Several approaches, all complimentary:
Cook. Start with your favorite dishes. Play with them.
Eat. Go to new restaurants, read menus closely, explore different cuisines.
Learn about food. Go shopping. Read labels. Take a tour of the entire market and see what's there. Go to a farmer's market. Smell the food. Find out what makes ingredients ripe or fresh.
Read. Get one good cookbook. It doesn't have to be comprehensive, just pick your favorite cuisine or whatever looks nice. You could even just read a website online. The key is to pick, say, 5 recipes and follow them start to finish. Get a feel for the flow of a dish, what ingredients are required, how to prepare them, how long it takes, how the dish is presented.
Watch. Cooking on TV is often unrealistic but it can still be educational. Don't be dazzled by their recipes or knife-skills, just ask yourself, "what are they doing and why?", "could I make that?", "what might I do to that dish differently?"
Fill in holes. No one is completely ignorant about food. Everyone has been eating it for years. Start with the things you don't know and tackle them one by one. Boiling water? Google it. Pasta? Google it. Same for steak, rice, salad, salsa, bread, cookies, stir-fry. There are a million versions of all of these, but once you know how to make one, you know about 75% of the whole deal. The rest is just variation. Do each one as an experiment in learning about food. It won't take long to cover the majority of basics. Maybe half a year if you did one every night.
Build up an arsenal. Cooking is practical. Find one dish you can make for each meal. Omelets for breakfast, check. Pasta with red sauce for lunch, check. Hamburgers for dinner. Cookies for dessert... Branch out from there to a few more staples (oatmeal, pancakes, french toast; potato salad, grilled cheese, cobb salad; steak, chicken, salmon; brownies, custard, cupcakes).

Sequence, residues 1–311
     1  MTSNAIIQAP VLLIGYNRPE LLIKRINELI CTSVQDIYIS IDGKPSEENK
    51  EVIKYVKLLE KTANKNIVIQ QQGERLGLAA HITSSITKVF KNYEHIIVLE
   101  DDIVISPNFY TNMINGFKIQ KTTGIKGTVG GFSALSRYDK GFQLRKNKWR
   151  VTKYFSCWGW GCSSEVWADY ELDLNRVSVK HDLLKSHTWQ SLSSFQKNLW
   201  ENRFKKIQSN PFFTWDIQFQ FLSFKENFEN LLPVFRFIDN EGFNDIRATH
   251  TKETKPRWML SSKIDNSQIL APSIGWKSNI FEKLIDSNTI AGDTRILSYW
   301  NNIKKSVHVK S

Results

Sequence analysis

Learn about leftovers. Many great and common dishes are actually just last night's scraps turned into today's lunch. Soups, casseroles, stir-fry, sandwiches, and salads are all ideal receptacles for, basically, whatever is lying around. Knowing how to incorporate random ingredients into a delicious dish is half the fun and often all that is required.
Learn about cuisines. Different cultures have evolved their food practices differently, and yet they share basic components. They all employ starches and breads, vegetables, spices, dairy, proteins... Once you realize that the immense variety of food practices share common characteristics, it will seem much less overwhelming. Specifically, finding out which spices are traditionally grouped in a particular culture will give you a centuries-old guide for foolproof flavor combining. You can still innovate, but the historical flavor clusters and food combinations are time-tested.
Learn how to taste. Good cooks are good at identifying flavor. They can spot sweetness, acid, grease, bitterness, and salt amongst a slough of ingredients. They can pick out individual spices from a complex mix. Once you have this power, your cooking will dramatically change, because you'll be able to steer food where you want it to go. This is essential, because it frees you from recipes and gives you access to the infinite possibilities of the kitchen.
Learn something about science. Ingredients are just biology. Flavor is chemistry. Cooking is physics. Rather than agonizing about cooking times, try to identify the common traits of "done" food. What do they look like when they are first heated, then when they are over-heated. Are they drier, tougher, less colorful? When a cake is ready, it will tell you with its scent, color, texture, and (if you can sneak a bite) taste. Being a food-scientist doesn't mean reading textbooks, but using your own observations and a little general knowledge to make great food consistently.
Learn about nutrition. Food is fuel. It is health. It is medicine. Find out what our bodies seek from food, how taste is connected to nutrition, how cuisines supply needed ingredients, and how different preparations enhance (or damage) nutrition.
Whatever you do, don't be intimidated. Cooking is playing with food. It should be fun, even if it doesn't come out right. Good cooks are constantly learning and adjusting. Great cooks know how to cover-up almost all of their mistakes, and you can learn many of their tips. If something doesn't work, toss it and start over. Or do everything in your power to fix it; you'll see what works and what doesn't.
Realize that very few people actually know anything about cooking. It's about 90% hearsay, imitation, experimentation, custom, habit, and personal preference. But that's enough. There's almost always a "right" answer somewhere, but your cooking repertoire will probably evolve just fine despite it.
A cook is equal parts nurturer, mad-scientist, technician, artist, and however briefly, god. Take steel, earth, heat, and water. Make something delicious.